CLIFTON PARK -- County clerks who administer vehicle registrations across northeastern New York joined state Sen. James Tedisco on Wednesday to denounce Gov. Andrew Cuomo's plan to mandate replacement of license plates in the state.
The two-week-old plan to replace about three million license plates over the next two years at a cost of $25 per plate stirred controversy, with members of the Republican legislative minorities like Tedisco, R-Glenville, and Assemblywoman Mary Beth Walsh, R-Ballston, calling the planned fee a "cash grab" by the state.
Tedisco has been among the most prominent critics of the plan, drawing statewide attention to the issue, which has drawn criticism from several Democratic legislators as well, including Assemblyman Angelo Santabarbara, D-Rotterdam.
"The resistance to Gov. Cuomo's highway heist to raise license plate fees is growing, and it starts right in the front offices of the people on the ground who will actually have to administer this $70 million cash grab by the state: our county clerks," Tedisco said on Wednesday.
Tedisco said charging the fee should lead to $70 million in new revenue for the state, above and beyond what it costs to actually make new license plates. That doesn't include any estimate for the additional $20 owners would be charged if they want to keep their current license plate number, Tedisco added.
Underlying the plan to replace all plates that are 10 years old are concerns that some plates have aged poorly, with flaking and peeling paint. Cuomo's office has said new license plates will be easier for both EZ-Pass cameras and law enforcement plate readers to read.
"Unreadable license plates need to be replaced, as they are important identification markers for vehicles and their owners," said Saratoga County Clerk Craig Hayner. "However, requiring plates that are in good condition to be replaced is wasteful."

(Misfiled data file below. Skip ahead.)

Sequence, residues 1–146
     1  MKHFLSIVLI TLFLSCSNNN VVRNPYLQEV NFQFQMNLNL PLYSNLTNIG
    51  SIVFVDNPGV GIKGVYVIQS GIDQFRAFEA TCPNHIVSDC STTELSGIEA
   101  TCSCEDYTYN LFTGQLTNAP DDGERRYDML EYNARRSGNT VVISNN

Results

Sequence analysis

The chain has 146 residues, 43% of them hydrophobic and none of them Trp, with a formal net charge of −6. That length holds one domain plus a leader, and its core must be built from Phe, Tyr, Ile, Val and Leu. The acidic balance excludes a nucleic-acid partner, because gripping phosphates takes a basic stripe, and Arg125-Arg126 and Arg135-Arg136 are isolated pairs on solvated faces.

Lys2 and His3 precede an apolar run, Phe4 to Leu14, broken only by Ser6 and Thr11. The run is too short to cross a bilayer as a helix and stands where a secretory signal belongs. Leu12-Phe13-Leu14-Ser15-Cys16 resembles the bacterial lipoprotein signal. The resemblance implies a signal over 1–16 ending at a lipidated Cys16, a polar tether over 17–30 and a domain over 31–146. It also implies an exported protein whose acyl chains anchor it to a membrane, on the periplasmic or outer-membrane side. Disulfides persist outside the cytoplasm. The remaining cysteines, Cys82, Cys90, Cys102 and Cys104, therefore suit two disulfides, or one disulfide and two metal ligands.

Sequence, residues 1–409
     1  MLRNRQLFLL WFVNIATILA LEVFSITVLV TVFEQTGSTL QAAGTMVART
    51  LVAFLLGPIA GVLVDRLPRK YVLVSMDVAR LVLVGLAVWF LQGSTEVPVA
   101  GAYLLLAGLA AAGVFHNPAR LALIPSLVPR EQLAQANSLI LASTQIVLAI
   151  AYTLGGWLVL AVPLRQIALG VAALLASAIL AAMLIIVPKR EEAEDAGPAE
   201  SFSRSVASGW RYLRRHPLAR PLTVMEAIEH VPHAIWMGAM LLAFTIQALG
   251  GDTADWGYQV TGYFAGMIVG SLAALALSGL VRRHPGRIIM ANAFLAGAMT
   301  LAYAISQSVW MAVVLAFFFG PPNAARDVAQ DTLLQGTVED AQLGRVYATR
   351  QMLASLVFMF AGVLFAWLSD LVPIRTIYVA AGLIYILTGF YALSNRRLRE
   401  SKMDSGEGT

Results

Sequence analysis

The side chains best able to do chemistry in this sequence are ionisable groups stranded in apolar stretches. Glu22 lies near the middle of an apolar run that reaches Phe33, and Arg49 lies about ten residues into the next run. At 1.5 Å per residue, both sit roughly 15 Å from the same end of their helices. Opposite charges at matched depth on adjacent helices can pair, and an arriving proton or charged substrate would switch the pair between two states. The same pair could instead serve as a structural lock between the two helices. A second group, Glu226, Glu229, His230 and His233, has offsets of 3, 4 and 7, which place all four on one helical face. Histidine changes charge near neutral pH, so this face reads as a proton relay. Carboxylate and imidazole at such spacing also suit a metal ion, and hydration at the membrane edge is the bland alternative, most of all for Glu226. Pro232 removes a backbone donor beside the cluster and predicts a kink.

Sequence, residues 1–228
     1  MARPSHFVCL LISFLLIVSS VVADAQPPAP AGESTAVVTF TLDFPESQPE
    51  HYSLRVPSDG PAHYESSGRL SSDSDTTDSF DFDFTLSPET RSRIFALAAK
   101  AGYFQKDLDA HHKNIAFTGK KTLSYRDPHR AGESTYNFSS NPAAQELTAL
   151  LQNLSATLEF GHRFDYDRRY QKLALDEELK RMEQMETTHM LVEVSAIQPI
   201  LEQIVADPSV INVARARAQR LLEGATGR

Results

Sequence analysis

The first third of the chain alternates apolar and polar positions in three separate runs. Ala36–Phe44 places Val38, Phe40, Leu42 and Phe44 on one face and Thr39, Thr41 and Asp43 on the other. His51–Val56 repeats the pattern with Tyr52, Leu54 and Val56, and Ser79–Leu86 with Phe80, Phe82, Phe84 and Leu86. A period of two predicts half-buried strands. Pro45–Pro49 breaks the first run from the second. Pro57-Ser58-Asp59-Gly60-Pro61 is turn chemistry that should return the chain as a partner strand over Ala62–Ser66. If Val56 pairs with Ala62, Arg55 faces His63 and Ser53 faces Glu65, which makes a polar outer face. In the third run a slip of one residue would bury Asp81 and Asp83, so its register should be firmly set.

Hayner was one of five county clerks, all Republicans, who attended a press conference Wednesday at Tedisco's Clifton Park office. There are about 210,000 vehicles registered in Saratoga County, and he said his DMV clerks already are pressed, processing registrations and license renewals along with issuing Real ID cards.
"Our clerks hear it every day," Hayner said.
Hayner and the other clerks -- Frank Merola of Rensselaer County, Pam Vogel of Warren County, Holly Tanner of Columbia County, Joseph A. Provoncha of Essex County, and Sylvia Rowan of Herkimer County -- said they support a proposal by Tedisco, Walsh, and state Sen. Daphne Jordan, R-Halfmoon, to hold public hearings on the license plate fees.
"It is an unfair burden on our taxpayers and our constituents," Tanner said. "DMV is just a cash cow, and the cow is being milked dry."
Tedisco estimates the actual cost of making a license plate is about $1.15. He believes plate replacement should be included in a vehicle's registration fee, with no additional cost to vehicle owners.
"This is a huge cash grab," said Walsh. "I don't know how they thought this was going to go well."
If the fee is imposed next April 1 as scheduled, the money is expected to go to a highway and bridge trust fund that the Department of Transportation can draw on for transportation infrastructure projects.
Cuomo's office said critics like Tedisco are ignoring the offer last week by state Department of Motor Vehicles Commissioner Mark Schroeder to work with legislators on a "compromise" that would lower the planned $25 fee.
"At this point, Tedisco is talking to himself and it's sad -- the DMV commissioner already said he wants to work with the legislature to come up with a cost-effective system before April that adapts to changing technology to ensure that plates can be read by both cashless tolling and law enforcement," said Cuomo senior advisor Rich Azzopardi. "Despite grandstanding from hypocritical elected officials in search of a cheap press hit, the cost of a replacement license plate was changed from $15 to $25 by a vote of the legislature in 2009 and has been the same for the last 10 years -- before this governor took office."
Tedisco responded that the 2009 law -- adopted when then- Gov. David Paterson drew controversy with a similar plate replacement plan -- sets the replacement fee at "not to exceed" $25, so Cuomo has the power to set the fee lower.
The senator said he wants the issue addressed sooner than when the legislature reconvenes in January. "I don't want this to become part of the budget negotiations," he said.
The governor's office included mention of the fee in an announcement two weeks ago about a competition asking the public to vote on five different license plate designs, including one featuring the Gov. Mario M. Cuomo bridge, named for the governor's father. Voting ended on Monday, but Cuomo's office has yet to announce the results.